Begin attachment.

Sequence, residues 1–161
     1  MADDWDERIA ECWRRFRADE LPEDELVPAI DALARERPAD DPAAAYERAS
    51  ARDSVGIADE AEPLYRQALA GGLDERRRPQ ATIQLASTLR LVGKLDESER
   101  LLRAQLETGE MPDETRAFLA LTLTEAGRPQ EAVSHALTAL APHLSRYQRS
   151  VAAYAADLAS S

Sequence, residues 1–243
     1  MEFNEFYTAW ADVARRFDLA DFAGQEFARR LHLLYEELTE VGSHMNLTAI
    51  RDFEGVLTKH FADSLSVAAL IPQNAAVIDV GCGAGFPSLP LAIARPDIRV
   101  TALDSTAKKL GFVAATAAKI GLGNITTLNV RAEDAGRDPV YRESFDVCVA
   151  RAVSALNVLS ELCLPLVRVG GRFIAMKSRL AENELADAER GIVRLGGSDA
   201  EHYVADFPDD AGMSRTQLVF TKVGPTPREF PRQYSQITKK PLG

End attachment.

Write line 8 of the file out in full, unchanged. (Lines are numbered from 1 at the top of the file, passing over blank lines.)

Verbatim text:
    51  RDFEGVLTKH FADSLSVAAL IPQNAAVIDV GCGAGFPSLP LAIARPDIRV